Dan Babich’s family didn’t see any of the signs a suicidal person might display before he took his own life at the Valley Stream deli he owned on May 1. He was 25.
“He was one of the more outgoing people you could probably meet,” said his 23-year-old brother, Michael. “Good-looking kid, extremely hard worker … Probably working anywhere from 80 to 100 hours per week.”
Dan was in good spirits and talking about the future in the days before he died. He had recently started a softball team and had an appointment to get a tattoo the next week. There were no signs of depression, no talk of not wanting to live or giving away of his possessions. He was so popular at Malverne’s Uva Rossa Wine Bar, where he worked as a bartender, that customers would call ahead to see if he was in, Michael said.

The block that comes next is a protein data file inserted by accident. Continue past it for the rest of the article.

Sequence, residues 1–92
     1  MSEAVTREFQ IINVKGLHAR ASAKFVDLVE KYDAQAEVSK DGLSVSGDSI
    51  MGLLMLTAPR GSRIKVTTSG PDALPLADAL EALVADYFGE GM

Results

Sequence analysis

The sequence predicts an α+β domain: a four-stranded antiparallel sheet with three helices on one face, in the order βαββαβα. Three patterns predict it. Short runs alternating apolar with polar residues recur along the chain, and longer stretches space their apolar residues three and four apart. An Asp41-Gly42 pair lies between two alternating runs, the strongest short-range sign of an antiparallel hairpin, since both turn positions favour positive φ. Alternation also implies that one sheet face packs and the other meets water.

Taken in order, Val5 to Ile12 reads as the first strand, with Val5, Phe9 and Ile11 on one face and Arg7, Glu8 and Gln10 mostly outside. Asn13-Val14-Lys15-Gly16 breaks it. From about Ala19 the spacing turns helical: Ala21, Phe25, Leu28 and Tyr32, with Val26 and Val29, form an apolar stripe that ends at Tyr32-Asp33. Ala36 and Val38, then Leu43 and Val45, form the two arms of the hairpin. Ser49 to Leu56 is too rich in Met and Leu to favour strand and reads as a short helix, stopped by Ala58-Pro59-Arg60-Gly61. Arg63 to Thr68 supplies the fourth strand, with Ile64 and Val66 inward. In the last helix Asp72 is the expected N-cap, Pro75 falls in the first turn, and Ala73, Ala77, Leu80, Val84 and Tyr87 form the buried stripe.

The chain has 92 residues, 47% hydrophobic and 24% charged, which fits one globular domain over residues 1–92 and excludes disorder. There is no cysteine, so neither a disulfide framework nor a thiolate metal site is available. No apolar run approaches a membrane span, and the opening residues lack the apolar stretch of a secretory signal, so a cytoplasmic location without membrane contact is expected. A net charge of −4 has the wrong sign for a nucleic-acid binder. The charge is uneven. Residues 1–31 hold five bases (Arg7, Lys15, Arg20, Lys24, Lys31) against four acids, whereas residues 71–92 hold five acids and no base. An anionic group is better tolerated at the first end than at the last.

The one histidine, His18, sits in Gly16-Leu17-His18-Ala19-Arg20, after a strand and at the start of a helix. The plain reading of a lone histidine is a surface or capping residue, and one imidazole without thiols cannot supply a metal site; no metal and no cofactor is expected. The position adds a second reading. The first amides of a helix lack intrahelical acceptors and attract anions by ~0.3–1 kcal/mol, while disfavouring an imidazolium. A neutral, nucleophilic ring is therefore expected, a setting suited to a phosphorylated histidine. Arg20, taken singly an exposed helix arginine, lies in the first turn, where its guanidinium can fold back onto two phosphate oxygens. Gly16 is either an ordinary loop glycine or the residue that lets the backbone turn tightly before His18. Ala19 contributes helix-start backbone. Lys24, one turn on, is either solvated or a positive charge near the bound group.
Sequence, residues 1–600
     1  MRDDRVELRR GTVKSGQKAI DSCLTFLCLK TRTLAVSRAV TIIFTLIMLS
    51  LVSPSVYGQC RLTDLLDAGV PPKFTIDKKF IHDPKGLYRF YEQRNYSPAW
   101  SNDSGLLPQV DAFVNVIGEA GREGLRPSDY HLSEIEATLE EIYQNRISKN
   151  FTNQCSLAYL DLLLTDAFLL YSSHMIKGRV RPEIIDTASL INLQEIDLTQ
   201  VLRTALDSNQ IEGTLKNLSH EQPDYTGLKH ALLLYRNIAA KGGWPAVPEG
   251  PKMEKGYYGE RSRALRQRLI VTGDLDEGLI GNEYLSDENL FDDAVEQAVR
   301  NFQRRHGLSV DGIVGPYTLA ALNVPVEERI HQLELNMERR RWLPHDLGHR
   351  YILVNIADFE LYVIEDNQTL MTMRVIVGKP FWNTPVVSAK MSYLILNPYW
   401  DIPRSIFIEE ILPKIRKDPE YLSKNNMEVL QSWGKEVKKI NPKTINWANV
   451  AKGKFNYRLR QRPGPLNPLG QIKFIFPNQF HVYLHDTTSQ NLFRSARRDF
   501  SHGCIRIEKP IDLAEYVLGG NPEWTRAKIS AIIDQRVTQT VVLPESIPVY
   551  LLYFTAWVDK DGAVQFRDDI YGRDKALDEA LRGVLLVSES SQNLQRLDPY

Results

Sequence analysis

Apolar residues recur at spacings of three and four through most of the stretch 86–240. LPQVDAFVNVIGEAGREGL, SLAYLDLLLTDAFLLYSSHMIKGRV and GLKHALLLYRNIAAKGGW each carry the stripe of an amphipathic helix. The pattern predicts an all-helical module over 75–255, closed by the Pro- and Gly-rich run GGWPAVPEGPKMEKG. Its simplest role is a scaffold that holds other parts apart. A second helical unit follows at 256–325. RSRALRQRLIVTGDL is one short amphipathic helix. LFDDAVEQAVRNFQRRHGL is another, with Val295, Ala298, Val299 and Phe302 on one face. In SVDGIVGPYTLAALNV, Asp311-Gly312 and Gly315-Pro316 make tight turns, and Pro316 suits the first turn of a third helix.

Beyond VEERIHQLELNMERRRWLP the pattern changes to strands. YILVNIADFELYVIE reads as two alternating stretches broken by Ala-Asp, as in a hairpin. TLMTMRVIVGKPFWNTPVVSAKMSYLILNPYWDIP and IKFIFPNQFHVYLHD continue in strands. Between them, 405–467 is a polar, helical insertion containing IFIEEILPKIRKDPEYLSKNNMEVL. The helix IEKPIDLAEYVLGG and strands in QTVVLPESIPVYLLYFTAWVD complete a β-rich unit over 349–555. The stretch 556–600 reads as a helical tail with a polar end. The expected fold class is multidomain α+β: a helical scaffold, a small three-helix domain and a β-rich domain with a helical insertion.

Six months after Dan’s death, his mother and brother sat with the Herald in their Franklin Square home and spoke thoughtfully about their tragedy, and how they are reacting to it. That reaction was immediate, said his mother, Judi Aquila.
“This is the most confusing thing Michael and I have ever faced,” she said. “We decided in the hospital that we needed to do something.”
They started to learn about suicide — its prevalence among young people, the second leading cause of death for those 15 to 24, with an average of 105 Americans dying by suicide every day, according to the Centers for Disease Control and Prevention. Michael and his mother found support groups in the area, and talked to others who had lost relatives, and to people who had survived their own attempts.
“There’s a stigma attached to it that Michael and I decided from the very beginning that we were not gonna buy into,” Aquila said. “People have a lot of anger — they pass a lot of judgment on somebody who dies by suicide, but we live by the creed that Daniel was not trying to hurt anybody. He was trying to end his pain. A lot of people still don’t get that.”